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ISIS Is Not Resurging, but It May Be Evolving

For the first time since the Islamic State of Iraq and Syria’s (ISIS) physical caliphate was defeated in late 2017, the terrorist group is once again dominating headlines. As the Iraqi government contends with a public health crisis from COVID-19, the Washington Post, Foreign Policy, and Time all warn that ISIS is staging a resurgence, taking advantage of lockdown orders and competing government priorities to reclaim its dwindling power. The facts, however, tell a different story. The number of attacks launched by ISIS this spring are virtually identical to last year’s numbers, an indicator that has been reported by commanding officers of Operation Inherent Resolve as well as verified by independent tracking of ISIS-credited attacks.

Coalition trains Iraqi security forces to defeat ISIS (U.S. Marine Corps photo by Cpl. Jonathan Boynes/Released) 4 August 2015

Although there is little evidence that ISIS has been able to exploit the COVID-19 situation to stage a comeback, there are a number of other worrying trends in the type and intensity of the group’s attacks. ISIS has displayed a heightened level of organization and an ability to tap into extensive supply chains in recent months, reflecting the vision of new leader Abu al-Quraishi to remake ISIS into a professionalized executor of terror.

One key indicator of ISIS’s organizational evolution is a pivot in targets. Throughout 2018 and 2019 ISIS, weakened from years of battle with Iraqi and American forces concentrated its efforts on local intimidation. Such attacks on rural, sparsely-populated areas did little to advance the tactical or reputational value of ISIS, but did allow the group to operate dispersed sleeper cells throughout the Iraqi countryside. Since January of this year, however, ISIS attacks have centered on military and police resources.

Kirkuk, a northern Iraqi city with a number of military outposts has been a particular target of recent ISIS attacks. Although the region was liberated by Iraqi forces in October 2017, a terrorist sleeper cell remained active in the region, planning and coordinating operations from rural parts of the province. From January to March 2020 ISIS launched regular attacks on Kirkuk army encampments, sometimes as frequently as twice a week, and in April the city’s intelligence headquarters sustained extensive damage from an ISIS suicide bomber.

A second important metric of ISIS’s evolution is the increasingly complex nature of weapons and operational tactics. In early May, the group launched an incursion on the state-sponsored Hashd al-Sha’bi paramilitary organization. The attack, which killed ten Hashd members is widely-acknowledged as the largest, best-organized operation carried out by IS since 2017. At least four different cells of ISIS fighters were involved in the multi-pronged offensive, one of which planted an explosive device timed to go off an hour after the initial firefight to kill first responders.

Although improvised explosive devices (IEDs) were once a hallmark of ISIS attacks, the terrorist group turned to shootings and stabbings post-2017 once it was no longer able to muster the funds to manufacture explosives. This trend seems to be shifting, however, with reports indicating that there were nine ISIS IED attacks in the first quarter of 2020. It is unclear how the group obtained the materials for IEDs, but some experts have suggested that they were looted from supplies left behind after Iranian-backed militia units abandoned their posts in northeast Iraq amid fears of U.S. drone strikes.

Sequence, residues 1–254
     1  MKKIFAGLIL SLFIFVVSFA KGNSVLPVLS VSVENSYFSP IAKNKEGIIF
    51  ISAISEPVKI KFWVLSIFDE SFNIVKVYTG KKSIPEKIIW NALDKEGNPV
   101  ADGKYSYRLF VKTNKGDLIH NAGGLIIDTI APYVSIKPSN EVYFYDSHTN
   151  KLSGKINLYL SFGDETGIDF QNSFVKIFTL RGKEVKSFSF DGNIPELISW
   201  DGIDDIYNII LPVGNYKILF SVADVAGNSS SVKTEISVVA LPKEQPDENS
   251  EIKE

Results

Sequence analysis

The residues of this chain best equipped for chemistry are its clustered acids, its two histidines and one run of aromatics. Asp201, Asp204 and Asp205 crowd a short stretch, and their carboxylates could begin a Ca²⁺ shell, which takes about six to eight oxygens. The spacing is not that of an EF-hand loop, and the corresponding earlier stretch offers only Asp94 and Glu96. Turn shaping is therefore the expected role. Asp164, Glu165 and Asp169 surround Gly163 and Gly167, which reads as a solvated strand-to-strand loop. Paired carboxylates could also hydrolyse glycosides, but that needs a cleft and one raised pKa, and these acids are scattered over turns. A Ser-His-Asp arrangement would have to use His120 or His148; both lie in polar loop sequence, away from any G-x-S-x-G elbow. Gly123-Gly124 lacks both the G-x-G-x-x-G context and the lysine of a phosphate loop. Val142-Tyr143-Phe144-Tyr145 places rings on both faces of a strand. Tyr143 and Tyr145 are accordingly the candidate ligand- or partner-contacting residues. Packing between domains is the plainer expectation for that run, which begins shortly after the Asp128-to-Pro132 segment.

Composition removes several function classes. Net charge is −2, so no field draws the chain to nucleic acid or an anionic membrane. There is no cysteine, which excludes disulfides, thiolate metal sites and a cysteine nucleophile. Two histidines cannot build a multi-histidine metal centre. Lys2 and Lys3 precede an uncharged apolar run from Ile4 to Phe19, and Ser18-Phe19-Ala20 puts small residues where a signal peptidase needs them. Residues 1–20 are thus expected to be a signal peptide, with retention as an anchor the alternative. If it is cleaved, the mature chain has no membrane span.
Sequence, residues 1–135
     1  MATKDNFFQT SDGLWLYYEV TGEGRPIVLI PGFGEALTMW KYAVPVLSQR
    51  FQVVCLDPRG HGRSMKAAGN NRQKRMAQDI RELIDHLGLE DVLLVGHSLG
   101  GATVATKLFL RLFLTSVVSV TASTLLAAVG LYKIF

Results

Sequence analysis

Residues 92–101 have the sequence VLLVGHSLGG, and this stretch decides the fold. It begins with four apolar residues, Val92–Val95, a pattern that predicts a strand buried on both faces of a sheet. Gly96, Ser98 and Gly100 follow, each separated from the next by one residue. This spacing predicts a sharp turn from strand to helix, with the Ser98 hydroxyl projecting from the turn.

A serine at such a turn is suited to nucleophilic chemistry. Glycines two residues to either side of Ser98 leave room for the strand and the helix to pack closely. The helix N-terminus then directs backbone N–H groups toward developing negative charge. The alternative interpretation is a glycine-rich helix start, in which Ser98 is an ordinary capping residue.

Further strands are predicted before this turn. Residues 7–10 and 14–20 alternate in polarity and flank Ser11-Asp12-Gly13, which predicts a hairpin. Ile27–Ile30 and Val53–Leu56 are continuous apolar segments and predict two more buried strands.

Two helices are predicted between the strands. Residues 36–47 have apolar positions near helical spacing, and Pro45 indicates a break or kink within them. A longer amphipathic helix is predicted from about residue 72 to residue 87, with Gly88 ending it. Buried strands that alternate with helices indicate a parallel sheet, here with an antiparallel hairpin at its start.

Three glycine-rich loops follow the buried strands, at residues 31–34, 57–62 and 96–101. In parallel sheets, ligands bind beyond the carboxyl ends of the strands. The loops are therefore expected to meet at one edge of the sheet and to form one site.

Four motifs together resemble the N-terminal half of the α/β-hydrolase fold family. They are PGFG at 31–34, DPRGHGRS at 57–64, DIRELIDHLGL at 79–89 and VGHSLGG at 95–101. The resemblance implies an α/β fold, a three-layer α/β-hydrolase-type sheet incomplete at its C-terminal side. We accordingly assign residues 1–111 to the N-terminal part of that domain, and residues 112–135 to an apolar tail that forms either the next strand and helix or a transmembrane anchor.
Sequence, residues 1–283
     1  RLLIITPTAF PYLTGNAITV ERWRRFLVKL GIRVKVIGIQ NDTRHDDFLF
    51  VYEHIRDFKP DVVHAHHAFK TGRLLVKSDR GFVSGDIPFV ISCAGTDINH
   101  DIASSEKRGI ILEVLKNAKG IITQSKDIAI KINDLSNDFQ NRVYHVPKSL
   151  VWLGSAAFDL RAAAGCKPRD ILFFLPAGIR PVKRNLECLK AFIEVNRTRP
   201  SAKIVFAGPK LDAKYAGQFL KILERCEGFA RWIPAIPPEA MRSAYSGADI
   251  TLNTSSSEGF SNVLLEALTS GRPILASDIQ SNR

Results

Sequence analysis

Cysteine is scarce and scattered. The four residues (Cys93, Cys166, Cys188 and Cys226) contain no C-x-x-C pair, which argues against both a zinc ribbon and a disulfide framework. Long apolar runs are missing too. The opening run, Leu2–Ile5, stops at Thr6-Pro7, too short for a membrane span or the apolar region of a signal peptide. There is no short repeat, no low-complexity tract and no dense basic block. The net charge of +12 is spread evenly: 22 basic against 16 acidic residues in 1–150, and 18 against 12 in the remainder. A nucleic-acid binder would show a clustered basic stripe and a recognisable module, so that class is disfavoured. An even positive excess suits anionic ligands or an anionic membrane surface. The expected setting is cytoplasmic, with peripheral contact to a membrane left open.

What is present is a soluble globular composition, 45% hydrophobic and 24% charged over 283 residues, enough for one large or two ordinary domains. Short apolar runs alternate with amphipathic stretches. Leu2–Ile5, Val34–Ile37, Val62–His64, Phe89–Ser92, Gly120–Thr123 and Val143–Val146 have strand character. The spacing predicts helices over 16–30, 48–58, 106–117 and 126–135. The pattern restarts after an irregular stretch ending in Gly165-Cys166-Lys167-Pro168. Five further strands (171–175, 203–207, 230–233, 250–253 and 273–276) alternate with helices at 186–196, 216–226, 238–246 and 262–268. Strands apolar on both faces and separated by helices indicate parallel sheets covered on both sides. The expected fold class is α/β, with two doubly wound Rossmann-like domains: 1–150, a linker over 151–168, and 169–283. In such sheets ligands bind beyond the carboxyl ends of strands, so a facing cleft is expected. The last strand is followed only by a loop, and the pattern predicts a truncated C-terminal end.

A final important consideration in evaluating ISIS’s current trajectory is the role of local affiliates. As the group faces declining numbers of fighters and funding sources, a web of sympathetic (or threatened) local partners is vital to ISIS’s survival. In addition to providing sleeper cells with shelter, food, and transportation, collaborators have been groomed by ISIS operatives to provide information on local politics and the sympathetic leanings. Local complicity seems to have empowering ISIS to conduct its activities more openly (for example, launching attacks during the daytime rather than under cover of darkness), insulating the group from the pushback by local militias which is now viewed as a hallmark of the 2016-2017 campaign.

In spite of media reports of ISIS resurging, there is little evidence that the terrorist group is anywhere close to its pre-2017 levels of violence or control. Nevertheless, emerging trends within the organization — attacks on military targets, increasingly complex tactics and weaponry, and a growing web of local partners merit ongoing consideration. These developments are also timely ones as the U.S. begins efforts at troop drawdown in Iraq, citing successful operations against ISIS as a key decider in transferring military responsibility back to Iraqis.

It is beyond the scope of this piece to examine the United States’ role in Iraqi military operations. However, as newly-elected Prime Minister Mustafa al-Kadhimi formulates his counter-terrorism policies and prepares to meet with U.S. military officials in June, it is important for all sides to keep in mind that ISIS looks very different today than it did in 2017. Under the leadership of al-Quraishi ISIS is solidifying into a battle-hardened organization of professional terrorists, equipped with the skills, weapons, and networks to remain a very real threat to Iraqi security.

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Kathryn Urban

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